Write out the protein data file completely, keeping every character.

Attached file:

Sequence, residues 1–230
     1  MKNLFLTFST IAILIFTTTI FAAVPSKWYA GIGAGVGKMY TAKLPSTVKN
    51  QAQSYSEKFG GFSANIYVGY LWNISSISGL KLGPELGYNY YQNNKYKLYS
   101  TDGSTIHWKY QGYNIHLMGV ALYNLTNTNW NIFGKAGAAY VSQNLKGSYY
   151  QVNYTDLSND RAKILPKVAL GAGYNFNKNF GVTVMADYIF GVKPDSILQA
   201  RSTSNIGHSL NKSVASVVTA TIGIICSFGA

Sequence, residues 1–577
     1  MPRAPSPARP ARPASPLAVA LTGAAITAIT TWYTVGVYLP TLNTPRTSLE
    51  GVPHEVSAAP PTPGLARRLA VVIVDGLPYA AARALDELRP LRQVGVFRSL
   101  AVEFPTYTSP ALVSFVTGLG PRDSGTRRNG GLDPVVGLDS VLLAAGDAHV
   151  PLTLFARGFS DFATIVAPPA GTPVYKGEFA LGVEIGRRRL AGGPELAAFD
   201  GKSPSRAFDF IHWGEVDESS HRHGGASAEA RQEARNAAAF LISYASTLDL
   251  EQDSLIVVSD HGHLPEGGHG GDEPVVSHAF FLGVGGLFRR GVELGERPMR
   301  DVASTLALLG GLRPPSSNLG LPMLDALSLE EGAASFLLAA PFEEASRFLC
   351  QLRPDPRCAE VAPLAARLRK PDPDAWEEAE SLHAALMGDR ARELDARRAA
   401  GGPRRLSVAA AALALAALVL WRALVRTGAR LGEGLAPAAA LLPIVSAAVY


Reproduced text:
Sequence, residues 1–230
     1  MKNLFLTFST IAILIFTTTI FAAVPSKWYA GIGAGVGKMY TAKLPSTVKN
    51  QAQSYSEKFG GFSANIYVGY LWNISSISGL KLGPELGYNY YQNNKYKLYS
   101  TDGSTIHWKY QGYNIHLMGV ALYNLTNTNW NIFGKAGAAY VSQNLKGSYY
   151  QVNYTDLSND RAKILPKVAL GAGYNFNKNF GVTVMADYIF GVKPDSILQA
   201  RSTSNIGHSL NKSVASVVTA TIGIICSFGA

Sequence, residues 1–577
     1  MPRAPSPARP ARPASPLAVA LTGAAITAIT TWYTVGVYLP TLNTPRTSLE
    51  GVPHEVSAAP PTPGLARRLA VVIVDGLPYA AARALDELRP LRQVGVFRSL
   101  AVEFPTYTSP ALVSFVTGLG PRDSGTRRNG GLDPVVGLDS VLLAAGDAHV
   151  PLTLFARGFS DFATIVAPPA GTPVYKGEFA LGVEIGRRRL AGGPELAAFD
   201  GKSPSRAFDF IHWGEVDESS HRHGGASAEA RQEARNAAAF LISYASTLDL
   251  EQDSLIVVSD HGHLPEGGHG GDEPVVSHAF FLGVGGLFRR GVELGERPMR
   301  DVASTLALLG GLRPPSSNLG LPMLDALSLE EGAASFLLAA PFEEASRFLC
   351  QLRPDPRCAE VAPLAARLRK PDPDAWEEAE SLHAALMGDR ARELDARRAA
   401  GGPRRLSVAA AALALAALVL WRALVRTGAR LGEGLAPAAA LLPIVSAAVY